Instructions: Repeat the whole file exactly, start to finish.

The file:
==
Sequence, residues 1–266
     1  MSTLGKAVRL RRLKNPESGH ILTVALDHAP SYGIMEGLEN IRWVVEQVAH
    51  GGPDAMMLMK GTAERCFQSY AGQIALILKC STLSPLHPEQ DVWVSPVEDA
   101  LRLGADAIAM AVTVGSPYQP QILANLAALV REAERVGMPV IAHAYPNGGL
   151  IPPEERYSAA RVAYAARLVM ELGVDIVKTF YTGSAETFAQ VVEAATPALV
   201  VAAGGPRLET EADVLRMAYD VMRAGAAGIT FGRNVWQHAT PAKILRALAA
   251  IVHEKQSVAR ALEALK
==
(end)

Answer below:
Sequence, residues 1–266
     1  MSTLGKAVRL RRLKNPESGH ILTVALDHAP SYGIMEGLEN IRWVVEQVAH
    51  GGPDAMMLMK GTAERCFQSY AGQIALILKC STLSPLHPEQ DVWVSPVEDA
   101  LRLGADAIAM AVTVGSPYQP QILANLAALV REAERVGMPV IAHAYPNGGL
   151  IPPEERYSAA RVAYAARLVM ELGVDIVKTF YTGSAETFAQ VVEAATPALV
   201  VAAGGPRLET EADVLRMAYD VMRAGAAGIT FGRNVWQHAT PAKILRALAA
   251  IVHEKQSVAR ALEALK